Robert Bakewell, the foremost wrought ironsmith of his time, was born in Uttoxeter in 1682. Writer Mary Howitt, perhaps best known for her poem The Spider and the Fly but also one of the first people to write childrens books came to live in Balance Street in 1801. Admiral Lord Gardner was born at the Manor House in 1742. By all accounts a dashing captain and then a senior admiral, he became MP for Plymouth and later Westminster. Rewarded with a peerage he chose to be Lord Gardner of Uttoxeter. More recently Joseph Cyril Bamford (creator of JCB, or J.C. Bamford Excavators Limited) was born here. A member of a successful local family Joe Bamford decided to go into business for himself fame and fortune followed. Film director and screenwriter Shane Meadows is from Uttoxeter. A rising star of British cinema, several of his films have local associations.


Uttoxeter has always been a thriving town several maltsters, tanners, fellmongers, nail makers, Bendware manufacturers, woolstaplers, rope and twine spinners, timber merchants, etc, and a Joint Stock Bank, and a large brewery are listed in Whites Directory of Staffordshire, 1851. Today the main employers are JCB and Foxs Biscuits. A recent business currently making waves is Glennans, the largest manufacturer of pan-fried vegetable crisps in the UK and Europe.


Wandering round the pedestrian friendly streets I fell foul of Uttoxeters justifiably acclaimed specialist retailers and bought something in virtually every shop I visited. I was following in the footsteps of the mystery shoppers of a professional retail research team who last year voted Uttoxeter second only to Stratford upon Avon (and by a very narrow margin) from 79 towns across the UK. Uttoxeter was praised particularly for the extremely high standard of service. Of 4,000 individual shops looked at nationwide, only four were awarded full marks, and one was in Uttoxeter. Its impossible to name them all, but designer clothes and great shoes, cookware, unique accessories, quality bath products, beauty salons, specialist local produce and excellent interiors shops came high on my list. A short walk towards the railway station and theres a Top specialist furniture retailer. As David Hunter from Indulgence Coffee Lounge in the courtyard off Market Place, says: Its a brilliant town. Anyone who wants to shop somewhere where they can feel safe and secure and be assured of great service in a range of individual shops should come to Uttoxeter. I must also mention the friendly welcome I received at the library and heritage centre.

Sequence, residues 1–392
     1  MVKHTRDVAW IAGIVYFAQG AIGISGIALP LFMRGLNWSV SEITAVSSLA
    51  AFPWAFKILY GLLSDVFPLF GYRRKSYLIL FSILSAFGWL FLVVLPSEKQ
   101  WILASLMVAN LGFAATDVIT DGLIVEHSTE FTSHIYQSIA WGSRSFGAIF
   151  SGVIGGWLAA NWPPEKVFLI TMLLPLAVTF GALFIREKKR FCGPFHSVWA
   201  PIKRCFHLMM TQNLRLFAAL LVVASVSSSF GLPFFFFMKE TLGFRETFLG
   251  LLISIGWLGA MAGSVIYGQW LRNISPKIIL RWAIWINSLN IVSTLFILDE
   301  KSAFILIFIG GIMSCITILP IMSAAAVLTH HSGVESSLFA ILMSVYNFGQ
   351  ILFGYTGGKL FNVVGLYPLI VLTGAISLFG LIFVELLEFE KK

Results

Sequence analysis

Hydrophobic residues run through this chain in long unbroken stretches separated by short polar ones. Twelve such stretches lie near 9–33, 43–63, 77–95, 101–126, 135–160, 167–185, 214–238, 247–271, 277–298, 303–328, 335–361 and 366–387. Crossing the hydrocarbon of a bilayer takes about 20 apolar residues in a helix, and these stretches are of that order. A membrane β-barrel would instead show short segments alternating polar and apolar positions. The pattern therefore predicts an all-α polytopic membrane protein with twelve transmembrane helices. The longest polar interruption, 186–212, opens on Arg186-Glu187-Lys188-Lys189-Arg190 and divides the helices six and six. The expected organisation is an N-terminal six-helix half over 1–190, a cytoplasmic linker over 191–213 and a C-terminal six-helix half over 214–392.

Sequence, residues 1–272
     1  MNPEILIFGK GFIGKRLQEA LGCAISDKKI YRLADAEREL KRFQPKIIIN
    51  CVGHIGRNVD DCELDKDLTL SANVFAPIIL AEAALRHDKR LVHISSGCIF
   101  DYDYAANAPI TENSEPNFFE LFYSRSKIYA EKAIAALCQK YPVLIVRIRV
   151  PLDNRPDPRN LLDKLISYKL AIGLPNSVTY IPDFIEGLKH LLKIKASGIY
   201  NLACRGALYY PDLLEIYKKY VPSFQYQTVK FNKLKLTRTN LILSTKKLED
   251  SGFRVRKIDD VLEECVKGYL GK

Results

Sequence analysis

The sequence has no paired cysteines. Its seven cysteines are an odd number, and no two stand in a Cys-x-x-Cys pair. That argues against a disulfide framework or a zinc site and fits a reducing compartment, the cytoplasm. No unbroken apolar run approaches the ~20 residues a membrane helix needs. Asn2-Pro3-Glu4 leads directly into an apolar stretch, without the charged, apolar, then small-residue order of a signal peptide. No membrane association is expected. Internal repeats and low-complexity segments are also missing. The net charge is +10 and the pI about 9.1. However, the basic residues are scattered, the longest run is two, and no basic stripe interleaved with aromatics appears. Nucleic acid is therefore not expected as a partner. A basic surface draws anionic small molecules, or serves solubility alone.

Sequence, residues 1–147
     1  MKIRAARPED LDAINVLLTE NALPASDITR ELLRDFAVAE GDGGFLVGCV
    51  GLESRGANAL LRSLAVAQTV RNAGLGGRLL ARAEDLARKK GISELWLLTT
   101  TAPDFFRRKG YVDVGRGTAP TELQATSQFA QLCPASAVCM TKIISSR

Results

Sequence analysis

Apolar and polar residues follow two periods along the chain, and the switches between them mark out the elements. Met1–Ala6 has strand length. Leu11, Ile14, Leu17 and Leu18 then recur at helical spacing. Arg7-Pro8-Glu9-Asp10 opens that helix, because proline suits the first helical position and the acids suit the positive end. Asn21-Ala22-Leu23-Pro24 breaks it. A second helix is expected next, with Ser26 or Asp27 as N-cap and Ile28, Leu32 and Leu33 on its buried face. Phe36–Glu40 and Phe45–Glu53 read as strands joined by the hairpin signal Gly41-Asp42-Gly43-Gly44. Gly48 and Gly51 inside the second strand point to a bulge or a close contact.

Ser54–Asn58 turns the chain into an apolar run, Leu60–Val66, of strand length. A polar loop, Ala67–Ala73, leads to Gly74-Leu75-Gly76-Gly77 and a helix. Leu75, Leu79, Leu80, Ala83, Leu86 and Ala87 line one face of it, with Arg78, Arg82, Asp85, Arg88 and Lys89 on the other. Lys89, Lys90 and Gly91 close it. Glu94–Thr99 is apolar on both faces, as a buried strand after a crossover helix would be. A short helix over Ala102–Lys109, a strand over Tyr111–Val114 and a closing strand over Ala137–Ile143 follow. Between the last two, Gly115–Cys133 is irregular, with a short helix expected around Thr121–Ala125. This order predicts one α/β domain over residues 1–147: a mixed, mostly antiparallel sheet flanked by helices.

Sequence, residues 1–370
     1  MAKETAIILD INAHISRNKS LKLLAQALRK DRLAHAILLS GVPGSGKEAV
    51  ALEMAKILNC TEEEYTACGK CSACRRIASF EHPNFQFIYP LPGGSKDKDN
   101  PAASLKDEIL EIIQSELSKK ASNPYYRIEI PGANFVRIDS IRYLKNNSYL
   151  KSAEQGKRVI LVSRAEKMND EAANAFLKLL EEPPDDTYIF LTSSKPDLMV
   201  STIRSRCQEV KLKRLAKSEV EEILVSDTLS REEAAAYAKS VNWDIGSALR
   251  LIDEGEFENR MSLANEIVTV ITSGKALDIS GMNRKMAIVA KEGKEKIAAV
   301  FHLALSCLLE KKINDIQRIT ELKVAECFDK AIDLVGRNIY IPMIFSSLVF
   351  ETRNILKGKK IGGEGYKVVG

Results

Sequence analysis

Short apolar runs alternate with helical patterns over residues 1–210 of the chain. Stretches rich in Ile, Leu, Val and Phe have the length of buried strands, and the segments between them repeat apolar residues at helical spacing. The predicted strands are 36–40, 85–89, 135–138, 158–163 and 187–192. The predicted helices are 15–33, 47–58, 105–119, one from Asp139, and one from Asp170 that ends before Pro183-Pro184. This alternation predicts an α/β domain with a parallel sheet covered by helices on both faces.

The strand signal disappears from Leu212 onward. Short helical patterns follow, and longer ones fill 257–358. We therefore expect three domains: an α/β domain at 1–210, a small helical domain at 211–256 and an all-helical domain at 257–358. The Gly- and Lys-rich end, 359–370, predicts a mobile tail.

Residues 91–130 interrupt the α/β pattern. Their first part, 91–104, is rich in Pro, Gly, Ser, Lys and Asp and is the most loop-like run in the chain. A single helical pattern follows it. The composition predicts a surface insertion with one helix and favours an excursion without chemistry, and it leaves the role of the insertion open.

Uttoxeter Racecourse is probably the towns most famous landmark. It is in an enviable country setting a short walk from the town centre and conveniently placed for access by road or rail. The thrilling world of punters, bookies, owners, trainers, eccentrics, hangers-on and grandees is right here on our doorstep. Uttoxeter is home to the Midland Grand National as well as staging 25 exciting race days throughout the year, including themed race evenings and family fun days. The course also hosts car boot sales, shows and auctions. Another lovely swathe of green is the Bramshall Road Recreation Ground which has bowling green, tennis courts and play areas.


The town centre is rich in excellent coffee shops and places to find a light bite and a variety of characterful inns and a range of restaurants and takeways to suit every palate. A short and pleasant country drive away at Strines Farm is the excellent Restaurant Gilmore, which emphasises its use of local produce.


Croxden Abbey ruins are peaceful and atmospheric. Within easy reach are the award-winning Denstone Hall Farm Shop for great local produce, china factory shops in the Potteries, Alton Towers and last but by no means least the glorious Peak District.

Latest from the Derbyshire Life and Countryside